Should it stay or should it go? Negotiating value and waste in the divestment of household objects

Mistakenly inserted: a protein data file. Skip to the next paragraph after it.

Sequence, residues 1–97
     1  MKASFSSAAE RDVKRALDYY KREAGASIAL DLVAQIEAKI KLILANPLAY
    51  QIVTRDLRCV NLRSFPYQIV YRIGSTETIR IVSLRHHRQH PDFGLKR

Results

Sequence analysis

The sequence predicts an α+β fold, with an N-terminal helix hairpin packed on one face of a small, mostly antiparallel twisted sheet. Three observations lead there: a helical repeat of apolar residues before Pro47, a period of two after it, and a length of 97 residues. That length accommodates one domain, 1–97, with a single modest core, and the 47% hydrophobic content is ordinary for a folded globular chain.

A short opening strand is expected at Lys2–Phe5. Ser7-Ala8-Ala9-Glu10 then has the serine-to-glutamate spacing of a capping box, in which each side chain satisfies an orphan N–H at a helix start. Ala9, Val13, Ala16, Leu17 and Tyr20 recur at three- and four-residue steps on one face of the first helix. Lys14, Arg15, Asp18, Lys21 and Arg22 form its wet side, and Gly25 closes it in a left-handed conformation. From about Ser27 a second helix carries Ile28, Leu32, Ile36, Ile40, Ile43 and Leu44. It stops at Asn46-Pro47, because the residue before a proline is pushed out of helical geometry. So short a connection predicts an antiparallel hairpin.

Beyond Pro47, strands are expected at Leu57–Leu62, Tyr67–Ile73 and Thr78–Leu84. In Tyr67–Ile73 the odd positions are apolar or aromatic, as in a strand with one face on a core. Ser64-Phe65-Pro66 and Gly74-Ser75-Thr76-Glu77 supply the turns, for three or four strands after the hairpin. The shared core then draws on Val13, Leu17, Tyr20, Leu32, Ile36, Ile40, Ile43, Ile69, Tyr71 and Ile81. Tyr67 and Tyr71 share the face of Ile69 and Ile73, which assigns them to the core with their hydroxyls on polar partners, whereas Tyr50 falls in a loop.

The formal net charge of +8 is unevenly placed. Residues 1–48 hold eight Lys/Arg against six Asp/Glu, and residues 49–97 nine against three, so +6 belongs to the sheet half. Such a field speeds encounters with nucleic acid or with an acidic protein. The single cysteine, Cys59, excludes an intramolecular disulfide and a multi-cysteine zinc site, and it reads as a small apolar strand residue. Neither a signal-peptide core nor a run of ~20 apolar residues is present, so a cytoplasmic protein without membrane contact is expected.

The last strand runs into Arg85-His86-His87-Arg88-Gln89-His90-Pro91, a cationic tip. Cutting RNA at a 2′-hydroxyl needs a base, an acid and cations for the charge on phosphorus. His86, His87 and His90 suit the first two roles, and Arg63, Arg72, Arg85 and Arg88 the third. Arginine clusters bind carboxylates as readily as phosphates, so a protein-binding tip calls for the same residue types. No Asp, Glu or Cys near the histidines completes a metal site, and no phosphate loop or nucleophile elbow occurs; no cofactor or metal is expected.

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This thesis concerns the practices of material divestment for household durable objects; with the aim that understanding these practices will assist in making them more sustainable in the future. The role of consumption, waste, and material divestment is discussed in the context of global disparities in resource use and living standards. Informed by a theoretical framework based on social practices, the role of the individual is de-centered, with focus shifting to competencies, meanings, materials and rules. These elements of practice are also subject to variation in scale, intensity, trajectory and form. Understanding everyday practice in this way allows the research to conceptualize dynamics of change as re-configurations of the elements of practice. Empirical investigation is conducted through semi-structured interviews, participant observation, and media and document analysis. Households and providers of divestment related services in Australia and the Netherlands are consulted to develop a grounded theory account of the systems of material divestment. This approach yielded four different systems of practice: retainment, altruistic divestment, return-oriented divestment and ridding. The negotiation of value is found to be central to all practices of divestment, albeit varying in different contexts and spaces. Practices of storing, making-do, treasuring, donation, passing-on, online and auction selling, garage sales, decluttering, leaving-out, and disposing are described as distinct, yet interrelated avenues for divesting durable household objects. The potential for divestment practices to be made more sustainable is discussed by way of initiatives that would promote a re-engagement with waste materials through increased visibility and reduced distancing with practitioners. The alignment of practices is also advocated as a means to promote material and object re-use, thereby reducing overall waste generated. As trends toward economies of access emerge, collaborative forms of material use and appear to offer new ways of promoting sustainable consumption. Further research avenues are explored, with a renewed and revised concept of waste, and its implications for public policy.
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